It’s great that many people around the internet are discussing the data that they collect at their facilities.  This is a great first step in becoming better as a group of professionals.  but without careful scrutiny of their research design, methodology, statistical analysis, and results, it’s tough to call that data “research.”  There are so many variables that could skew the data, it’s hard to draw accurate conclusions.

Our project has been presented at numerous scientific meetings and is currently submitted for publication.  It’s actually been nominated for the Sports Physical Therapy Excellence in Research Award.

Are Weighted Baseball Velocity Programs Safe and Effective?But because it takes so long to get to publication, I wanted to write a summary of our findings.  I recently published this on, an amazing website I have started dedicated to providing trust worthy information to advance the game of baseball.

Click below to read my summary of our research project on EBP, and please be sure to share this with any baseball player, parent, coach, rehab, or fitness specialist that may work with baseball players:



How to Assess for a Tight Posterior Capsule of the Shoulder

Over the years, the idea of posterior capsular tightness and glenohumeral internal rotation deficit (GIRD) in baseball pitchers has grown in popularity despite not much evidence.

I routinely see baseball players ranging from kids to MLB pitchers that have been told they have GIRD and need to aggressively stretch their posterior capsule and into shoulder internal rotation.  One of the first recommendations I make is essentially addition by subtraction – stop focusing on these areas!  I’ve discussed at length my feelings on why I don’t use the sleeper stretch, which is something I haven’t used in over a decade and none of my athletes have a loss of internal rotation.

Many people assume that GIRD is caused my posterior capsular tightness, without assessing the posterior capsule itself.  Blindly applying treatments without completely assessing the person is always a bad idea, especially considering GIRD may be normal and not even an issue.

Assessing the posterior capsule can be tricky and most text books continue to demonstrate the technique poorly.  I wanted to share a quick video showing how to assess the posterior capsule of the shoulder.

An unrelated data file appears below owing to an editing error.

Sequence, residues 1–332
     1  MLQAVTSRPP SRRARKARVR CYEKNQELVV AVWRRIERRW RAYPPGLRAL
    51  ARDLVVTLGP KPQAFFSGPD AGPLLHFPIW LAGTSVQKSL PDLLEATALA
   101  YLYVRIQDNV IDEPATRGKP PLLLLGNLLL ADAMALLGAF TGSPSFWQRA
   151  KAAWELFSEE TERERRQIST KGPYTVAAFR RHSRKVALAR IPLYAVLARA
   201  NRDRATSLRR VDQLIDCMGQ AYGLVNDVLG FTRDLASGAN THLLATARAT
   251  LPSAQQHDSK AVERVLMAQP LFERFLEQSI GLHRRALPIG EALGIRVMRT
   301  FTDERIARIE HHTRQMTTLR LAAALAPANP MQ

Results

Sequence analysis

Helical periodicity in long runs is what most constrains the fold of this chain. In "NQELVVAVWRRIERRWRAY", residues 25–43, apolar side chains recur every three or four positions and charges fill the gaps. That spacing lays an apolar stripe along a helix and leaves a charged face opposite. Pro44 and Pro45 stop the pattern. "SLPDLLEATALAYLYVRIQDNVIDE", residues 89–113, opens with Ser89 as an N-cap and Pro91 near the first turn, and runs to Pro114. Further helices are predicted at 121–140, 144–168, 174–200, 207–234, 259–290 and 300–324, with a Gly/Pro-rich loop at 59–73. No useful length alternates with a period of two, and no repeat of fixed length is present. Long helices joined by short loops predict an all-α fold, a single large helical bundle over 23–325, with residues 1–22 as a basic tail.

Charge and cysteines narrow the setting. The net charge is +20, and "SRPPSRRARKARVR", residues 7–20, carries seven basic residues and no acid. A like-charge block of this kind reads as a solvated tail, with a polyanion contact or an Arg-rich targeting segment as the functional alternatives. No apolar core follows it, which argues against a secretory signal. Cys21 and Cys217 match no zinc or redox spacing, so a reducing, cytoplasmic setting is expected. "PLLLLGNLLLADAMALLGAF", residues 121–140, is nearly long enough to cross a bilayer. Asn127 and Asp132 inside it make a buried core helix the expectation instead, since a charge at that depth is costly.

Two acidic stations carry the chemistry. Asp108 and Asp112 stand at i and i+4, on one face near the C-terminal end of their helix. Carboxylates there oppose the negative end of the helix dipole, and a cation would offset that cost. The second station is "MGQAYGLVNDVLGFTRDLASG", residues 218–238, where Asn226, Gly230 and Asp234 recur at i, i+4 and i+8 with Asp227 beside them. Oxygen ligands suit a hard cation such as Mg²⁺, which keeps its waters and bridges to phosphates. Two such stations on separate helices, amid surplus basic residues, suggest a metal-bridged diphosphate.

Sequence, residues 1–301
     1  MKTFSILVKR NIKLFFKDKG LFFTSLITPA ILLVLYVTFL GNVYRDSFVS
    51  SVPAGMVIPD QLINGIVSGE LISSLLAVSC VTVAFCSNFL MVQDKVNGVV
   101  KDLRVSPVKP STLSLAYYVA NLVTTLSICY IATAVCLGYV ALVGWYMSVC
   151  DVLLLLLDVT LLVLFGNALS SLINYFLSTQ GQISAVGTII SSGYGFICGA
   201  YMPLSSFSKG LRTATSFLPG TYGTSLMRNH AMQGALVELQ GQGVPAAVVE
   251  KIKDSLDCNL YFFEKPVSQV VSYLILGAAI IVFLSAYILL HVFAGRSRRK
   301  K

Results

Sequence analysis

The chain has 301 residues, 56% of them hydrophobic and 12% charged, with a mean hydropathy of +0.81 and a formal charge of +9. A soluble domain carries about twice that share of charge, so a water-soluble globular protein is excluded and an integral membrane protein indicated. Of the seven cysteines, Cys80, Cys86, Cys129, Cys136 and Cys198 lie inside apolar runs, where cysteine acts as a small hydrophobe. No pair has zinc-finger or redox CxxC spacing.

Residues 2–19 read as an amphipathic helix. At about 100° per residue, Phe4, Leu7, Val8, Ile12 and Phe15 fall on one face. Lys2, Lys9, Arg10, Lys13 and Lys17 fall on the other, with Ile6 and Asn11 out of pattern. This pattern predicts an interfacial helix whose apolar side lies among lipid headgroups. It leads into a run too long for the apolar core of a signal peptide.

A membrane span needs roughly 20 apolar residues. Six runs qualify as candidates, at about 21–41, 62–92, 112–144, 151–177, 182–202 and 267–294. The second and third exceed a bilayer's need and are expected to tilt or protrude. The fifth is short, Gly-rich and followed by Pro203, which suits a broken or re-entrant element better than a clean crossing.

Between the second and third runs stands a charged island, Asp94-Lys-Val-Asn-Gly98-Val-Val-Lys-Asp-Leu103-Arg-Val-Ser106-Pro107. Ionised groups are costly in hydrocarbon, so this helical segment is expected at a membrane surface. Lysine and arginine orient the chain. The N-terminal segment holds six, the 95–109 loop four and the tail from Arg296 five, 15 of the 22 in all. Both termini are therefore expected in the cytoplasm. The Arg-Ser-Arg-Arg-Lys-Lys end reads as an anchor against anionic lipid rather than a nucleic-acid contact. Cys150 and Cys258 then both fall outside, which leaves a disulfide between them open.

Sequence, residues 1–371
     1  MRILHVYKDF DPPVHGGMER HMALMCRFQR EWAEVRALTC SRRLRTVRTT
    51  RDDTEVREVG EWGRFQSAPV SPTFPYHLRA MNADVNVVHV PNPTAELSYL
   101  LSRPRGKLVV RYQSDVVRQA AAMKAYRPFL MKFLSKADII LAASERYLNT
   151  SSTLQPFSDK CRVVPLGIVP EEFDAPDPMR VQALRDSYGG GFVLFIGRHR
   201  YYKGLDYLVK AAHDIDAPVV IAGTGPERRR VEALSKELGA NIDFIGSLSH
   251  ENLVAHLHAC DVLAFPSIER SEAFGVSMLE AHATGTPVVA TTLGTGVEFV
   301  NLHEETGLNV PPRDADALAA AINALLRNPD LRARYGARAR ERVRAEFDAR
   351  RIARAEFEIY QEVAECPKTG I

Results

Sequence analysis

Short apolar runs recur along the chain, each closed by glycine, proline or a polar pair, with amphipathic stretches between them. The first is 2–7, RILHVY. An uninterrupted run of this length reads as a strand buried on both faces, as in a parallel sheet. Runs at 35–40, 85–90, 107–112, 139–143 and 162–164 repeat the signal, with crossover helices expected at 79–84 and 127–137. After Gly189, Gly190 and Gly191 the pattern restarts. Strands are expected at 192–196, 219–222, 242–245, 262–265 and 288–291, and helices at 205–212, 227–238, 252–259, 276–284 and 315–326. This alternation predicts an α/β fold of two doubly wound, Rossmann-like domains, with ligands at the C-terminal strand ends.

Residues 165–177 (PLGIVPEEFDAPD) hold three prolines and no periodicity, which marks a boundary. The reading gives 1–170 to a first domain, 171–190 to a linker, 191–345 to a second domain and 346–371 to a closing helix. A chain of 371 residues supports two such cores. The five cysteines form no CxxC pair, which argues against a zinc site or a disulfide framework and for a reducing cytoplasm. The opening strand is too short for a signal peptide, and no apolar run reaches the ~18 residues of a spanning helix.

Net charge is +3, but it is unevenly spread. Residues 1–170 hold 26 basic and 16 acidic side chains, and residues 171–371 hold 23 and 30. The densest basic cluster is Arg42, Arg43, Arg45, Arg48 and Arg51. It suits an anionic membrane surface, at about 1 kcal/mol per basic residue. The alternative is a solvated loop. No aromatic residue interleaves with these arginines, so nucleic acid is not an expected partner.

Perform your assessment of the posterior capsule this way and you’ll realize most people can actually sublux posteriorly and that mobilizing the posterior capsule isn’t what they need for GIRD!  Keep in mind this is applicable for athletes, you can certainly get a tight posterior capsule for many reasons, I just don’t think this is the primary cause of GIRD so shouldn’t be the primary treatment.

Learn Exactly How I Evaluate and Treat the Shoulder

If you are interested in mastering your understanding of the shoulder, I have my acclaiming online program teaching you exactly how I evaluate and treat the shoulder!

shoulder seminarThe online program at takes you through an 8-week program with new content added every week.  You can learn at your own pace in the comfort of your own home.  You’ll learn exactly how I approach:

  • The evaluation of the shoulder
  • Selecting exercises for the shoulder
  • Manual resistance and dynamic stabilization drills for the shoulder
  • Nonoperative and postoperative rehabilitation
  • Rotator cuff injuries
  • Shoulder instability
  • SLAP lesions
  • The stiff shoulder
  • Manual therapy for the shoulder

The program offers 21 CEU hours for the NATA and APTA of MA and 20 CEU hours through the NSCA.

Click below to learn more:


3 Ways to Improve Throwing Velocity by Enhancing Lower Body Force Production

Pitching a baseball takes a tremendous amount of skill to throw with velocity and accuracy.  Improving velocity tends to be the primary concern of many pitchers, especially youth baseball players.  In order to learn how to enhance velocity, it’s more important to study scientific evidence than to rely on anecdotal information and traditional baseball concepts.

pitching velocityA recent study was published in the Journal of Sports Science and Medicine by a group of researchers in Japan that compared how youth and college pitchers use their trunks and legs during their pitching mechanics.

They found that youth and college pitchers threw with similar biomechanical kinematics, meaning that their mechanics were similar.

However, what they did find was that momentum and force generation were higher in the college pitchers.  College pitchers exhibited:

  • Greater push off on the pivot leg during stride
  • Greater pelvis and trunk rotation throughout the pitching sequence
  • Greater stride leg control during acceleration
  • Greater stride leg extension explosive force approaching ball release

It should be noted that the data was normalized to body mass to take into consideration the lower weight and size of adolescent pitchers.  This make the comparison fair.

These results correspond well to a previous report by the same authors that showed college pitchers with higher velocity also showed greater ability to produce force in their legs and trunk in comparison to college pitchers with low velocity.

In addition, the results were also similar to what Glenn Fleisig, Dr. James Andrews, and ASMI showed in regard to the upper body and trunk when comparing youth and older pitchers.